The second thing to consider is what you actually need to localise. Some companies just localise crucial elements and subpages on their websites. This is not always a good idea, as it unwittingly creates a sense of inconsistency, which clients may assume relates to your business. If you are working on specific landing pages, it is often good to test the new market potential on a small scale. For example, you can start with specific product pages to test ads and other elements related to the local market.
In general, the safest option is to localise all of your website-related elements, but this may depend on many factors, such as market, available resources, deadlines, business objectives, and technical content (see Step 4).
OTHER THINGS TO CONSIDER
As a part of the preparation process, you need to consider a number of basic factors:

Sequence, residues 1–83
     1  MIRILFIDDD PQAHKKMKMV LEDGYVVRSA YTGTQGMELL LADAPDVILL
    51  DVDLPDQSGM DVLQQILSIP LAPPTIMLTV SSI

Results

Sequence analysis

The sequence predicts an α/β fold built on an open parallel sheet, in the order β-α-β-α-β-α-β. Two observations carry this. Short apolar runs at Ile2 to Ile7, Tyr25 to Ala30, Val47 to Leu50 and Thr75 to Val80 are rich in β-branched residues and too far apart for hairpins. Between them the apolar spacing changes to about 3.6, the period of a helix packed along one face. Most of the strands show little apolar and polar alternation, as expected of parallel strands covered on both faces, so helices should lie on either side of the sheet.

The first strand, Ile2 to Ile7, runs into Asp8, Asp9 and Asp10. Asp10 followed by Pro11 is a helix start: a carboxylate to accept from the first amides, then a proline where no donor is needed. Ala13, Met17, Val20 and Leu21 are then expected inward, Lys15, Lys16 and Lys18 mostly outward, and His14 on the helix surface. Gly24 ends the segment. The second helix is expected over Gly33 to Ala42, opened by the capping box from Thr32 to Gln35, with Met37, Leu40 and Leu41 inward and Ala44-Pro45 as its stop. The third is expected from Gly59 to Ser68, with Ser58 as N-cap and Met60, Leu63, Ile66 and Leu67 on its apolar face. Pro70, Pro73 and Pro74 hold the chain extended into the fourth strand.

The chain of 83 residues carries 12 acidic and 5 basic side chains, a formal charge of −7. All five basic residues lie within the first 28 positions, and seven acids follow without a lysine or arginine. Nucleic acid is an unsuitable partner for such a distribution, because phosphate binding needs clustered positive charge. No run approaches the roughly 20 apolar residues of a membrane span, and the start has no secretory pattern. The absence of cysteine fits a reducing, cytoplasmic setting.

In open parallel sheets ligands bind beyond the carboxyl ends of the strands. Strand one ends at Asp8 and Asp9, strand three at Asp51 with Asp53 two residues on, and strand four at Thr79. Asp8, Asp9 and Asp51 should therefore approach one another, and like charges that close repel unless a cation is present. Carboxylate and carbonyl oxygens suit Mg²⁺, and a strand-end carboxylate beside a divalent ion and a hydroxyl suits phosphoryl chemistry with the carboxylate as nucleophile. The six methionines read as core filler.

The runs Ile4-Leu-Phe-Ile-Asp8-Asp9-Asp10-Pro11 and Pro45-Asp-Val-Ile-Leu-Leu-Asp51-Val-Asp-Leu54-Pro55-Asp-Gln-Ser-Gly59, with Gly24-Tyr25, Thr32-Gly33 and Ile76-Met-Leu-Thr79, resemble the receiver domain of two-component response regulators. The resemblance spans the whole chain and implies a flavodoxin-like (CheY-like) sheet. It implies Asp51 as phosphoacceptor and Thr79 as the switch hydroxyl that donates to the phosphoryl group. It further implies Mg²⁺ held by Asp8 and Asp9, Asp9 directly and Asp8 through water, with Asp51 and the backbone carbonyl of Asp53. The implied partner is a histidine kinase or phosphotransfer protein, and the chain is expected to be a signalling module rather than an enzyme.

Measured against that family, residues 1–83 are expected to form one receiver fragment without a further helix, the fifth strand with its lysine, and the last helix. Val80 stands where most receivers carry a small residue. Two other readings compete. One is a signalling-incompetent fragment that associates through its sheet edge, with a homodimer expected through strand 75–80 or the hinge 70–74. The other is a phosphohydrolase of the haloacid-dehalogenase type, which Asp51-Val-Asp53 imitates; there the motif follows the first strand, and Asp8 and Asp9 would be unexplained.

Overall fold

- Your product or service: Can you simply start offering your products/services in the new market, or maybe you need to adapt them to it?
- Pricing: Will your pricing model still work in the new market?
- Target market(s): What languages, cultures and demographic groups do you want to communicate with?
- Team: Do you have the resources to help you with the localisation of your website? Perhaps there are employees on your team who can serve the new clients or other specialists knowledgeable about the new target market – you can use them in the process.
There may be more, depending on your business profile and needs
Finally, think about the desired form of this service. For the sake of simplicity, we present the three most common options to choose from, although in reality there may be more:
- Human translation and localisation: the whole process is done by human translators and localisation specialists, with limited support in the form of CAT tools.
- Machine translation: the whole process is done automatically using MT tools. There are also plenty of “free” tools available for this matter, but we will discuss them in some other posts.